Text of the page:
A river guide’s reflections: life on the water

 

For Matt Knott, owner of River Riders and longtime whitewater rafting guide, Harpers Ferry is synonymous with world-class paddling.

“I was a full-time guide for about 4 years,” Knott said. “I guided at River Riders when I was in college and I guided a couple other rivers in West Virginia.”

In 1994, Knott trained to become a rafting guide on the Shenandoah and Potomac Rivers after several close friends asked him to sign up. Without a second thought, he stepped out of his comfort zone and into a raft. The rest, as they say, is history.Whitewater rafters wearing PDFs walking to river, West Virginia

“It was really kind of a chance thing,” he said. “A friend of mine just said, ‘hey, they’re hiring raft guides. Want to go down and try it?’ I had actually never been down the river before in my life. The first time I ever went was the first day I did guide training. I’ve basically been doing it ever since.

Though his rafting career began in Harpers Ferry, Knott spent a few years several hours west guiding the Cheat River, in southern West Virginia guiding the Gauley River, and in Pennsylvania at the Youghiogheny River.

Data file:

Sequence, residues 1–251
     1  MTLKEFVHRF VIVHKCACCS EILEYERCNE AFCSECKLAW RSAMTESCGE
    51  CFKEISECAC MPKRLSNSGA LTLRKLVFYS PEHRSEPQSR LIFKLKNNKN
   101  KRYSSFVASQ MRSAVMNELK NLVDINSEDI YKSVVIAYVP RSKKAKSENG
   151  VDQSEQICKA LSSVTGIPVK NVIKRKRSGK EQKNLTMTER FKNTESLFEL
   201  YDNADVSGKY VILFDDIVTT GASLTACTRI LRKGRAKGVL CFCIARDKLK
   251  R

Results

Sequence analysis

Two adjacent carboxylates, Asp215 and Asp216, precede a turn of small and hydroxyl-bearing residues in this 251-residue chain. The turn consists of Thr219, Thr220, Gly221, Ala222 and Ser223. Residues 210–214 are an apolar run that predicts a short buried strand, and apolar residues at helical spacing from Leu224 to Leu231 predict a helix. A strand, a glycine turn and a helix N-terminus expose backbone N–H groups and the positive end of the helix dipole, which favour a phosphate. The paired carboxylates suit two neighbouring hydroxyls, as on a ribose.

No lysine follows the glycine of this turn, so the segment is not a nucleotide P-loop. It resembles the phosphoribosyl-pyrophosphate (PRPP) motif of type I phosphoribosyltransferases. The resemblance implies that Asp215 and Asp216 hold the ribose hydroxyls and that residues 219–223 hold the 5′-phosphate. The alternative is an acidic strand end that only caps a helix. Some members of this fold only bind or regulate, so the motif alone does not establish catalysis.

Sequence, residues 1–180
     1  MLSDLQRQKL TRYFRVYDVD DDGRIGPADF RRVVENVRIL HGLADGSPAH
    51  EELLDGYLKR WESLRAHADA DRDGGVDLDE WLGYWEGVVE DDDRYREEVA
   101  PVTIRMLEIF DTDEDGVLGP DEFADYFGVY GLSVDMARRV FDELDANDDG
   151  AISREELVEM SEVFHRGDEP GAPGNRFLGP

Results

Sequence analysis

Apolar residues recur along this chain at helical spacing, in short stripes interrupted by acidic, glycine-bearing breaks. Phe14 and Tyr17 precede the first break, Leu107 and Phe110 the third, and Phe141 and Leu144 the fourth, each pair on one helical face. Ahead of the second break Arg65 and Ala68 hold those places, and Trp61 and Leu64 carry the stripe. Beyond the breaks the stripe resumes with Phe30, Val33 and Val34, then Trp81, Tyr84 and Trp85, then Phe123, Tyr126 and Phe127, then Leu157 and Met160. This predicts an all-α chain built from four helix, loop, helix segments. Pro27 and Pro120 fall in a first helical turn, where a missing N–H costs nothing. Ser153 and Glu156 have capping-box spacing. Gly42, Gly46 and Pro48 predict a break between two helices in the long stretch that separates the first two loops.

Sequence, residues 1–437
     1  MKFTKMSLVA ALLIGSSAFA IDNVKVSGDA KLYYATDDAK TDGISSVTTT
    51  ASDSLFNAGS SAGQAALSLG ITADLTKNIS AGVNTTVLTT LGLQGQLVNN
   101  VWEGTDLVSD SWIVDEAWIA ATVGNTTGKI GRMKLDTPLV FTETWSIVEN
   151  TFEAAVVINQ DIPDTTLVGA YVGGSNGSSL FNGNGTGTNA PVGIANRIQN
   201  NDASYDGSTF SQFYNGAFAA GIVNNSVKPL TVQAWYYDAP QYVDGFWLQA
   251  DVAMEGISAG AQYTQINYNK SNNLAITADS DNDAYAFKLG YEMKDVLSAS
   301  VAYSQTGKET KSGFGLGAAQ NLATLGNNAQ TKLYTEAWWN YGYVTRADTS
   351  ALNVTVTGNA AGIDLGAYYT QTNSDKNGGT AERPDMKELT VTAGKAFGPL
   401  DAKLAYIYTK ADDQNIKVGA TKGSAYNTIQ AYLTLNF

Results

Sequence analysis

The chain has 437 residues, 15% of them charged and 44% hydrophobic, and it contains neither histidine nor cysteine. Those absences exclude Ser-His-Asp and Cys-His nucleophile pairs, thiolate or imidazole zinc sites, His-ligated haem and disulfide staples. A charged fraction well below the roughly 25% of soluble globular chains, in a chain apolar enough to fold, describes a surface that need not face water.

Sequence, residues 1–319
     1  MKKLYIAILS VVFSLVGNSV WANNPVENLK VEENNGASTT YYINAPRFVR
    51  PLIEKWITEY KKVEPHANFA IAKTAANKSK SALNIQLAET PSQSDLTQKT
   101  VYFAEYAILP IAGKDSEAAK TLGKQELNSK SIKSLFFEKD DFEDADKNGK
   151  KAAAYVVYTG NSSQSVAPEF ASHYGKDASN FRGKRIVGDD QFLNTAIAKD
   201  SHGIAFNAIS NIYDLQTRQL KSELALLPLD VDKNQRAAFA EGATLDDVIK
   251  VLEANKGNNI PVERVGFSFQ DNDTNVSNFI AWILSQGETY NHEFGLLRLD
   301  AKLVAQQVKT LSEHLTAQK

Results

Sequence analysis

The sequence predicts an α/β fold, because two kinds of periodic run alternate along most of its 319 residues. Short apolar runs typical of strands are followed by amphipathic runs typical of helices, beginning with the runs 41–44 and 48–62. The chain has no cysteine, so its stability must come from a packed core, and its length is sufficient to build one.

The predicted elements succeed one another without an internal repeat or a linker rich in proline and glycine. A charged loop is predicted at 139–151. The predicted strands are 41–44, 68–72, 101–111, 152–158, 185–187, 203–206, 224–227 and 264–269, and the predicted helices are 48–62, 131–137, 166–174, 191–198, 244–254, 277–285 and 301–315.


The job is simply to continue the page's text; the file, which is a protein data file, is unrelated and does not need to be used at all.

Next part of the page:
“I loved it!” Knott said. “It was the first job I ever had that I actually liked going to work!”

Today, River Riders has grown into a full-fledged resort with a variety of activities like rafting, ziplining, tubing, biking, kayaking and more. With his guiding days behind him, Matt is more preoccupied with duties he endearingly calls “the boring stuff,” like finances, policies, procedures and project management.

He’s helping plan expansions like renovating the newly purchased hotel next door for additional accommodations, and coordinating a summer camp for local kids who have limited funds— so the company can give back to the community.

But Knott still finds time after hours to enjoy the outdoors he always loved.Whitewater rafters getting ready for rapids, West Virginia

“I go out with my kids and friends in the evening,” he said. “I taught my son how to roll a kayak when he was like 6 years old. They are really comfortable on the water, on the river, hiking. It’s one of the things I was really hoping to share with them as they are growing up.”

Knott encourages anyone with a strong sense of curiosity to take the leap into outdoor adventure.

“Many of the people that we are taking aren’t necessarily as comfortable going by themselves and they’d rather go with somebody,” he said. “We are able to introduce all kinds of people to the outdoors that otherwise may not get to experience it.

“You get a group of people in one boat for a trip and they begin to bond. They work together. It’s working towards a common goal. I can’t tell you how many times I have seen guests who were frightful or nervous that went out there and conquered their fears. It has happened countless times.”

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This post was last updated on October 19, 2017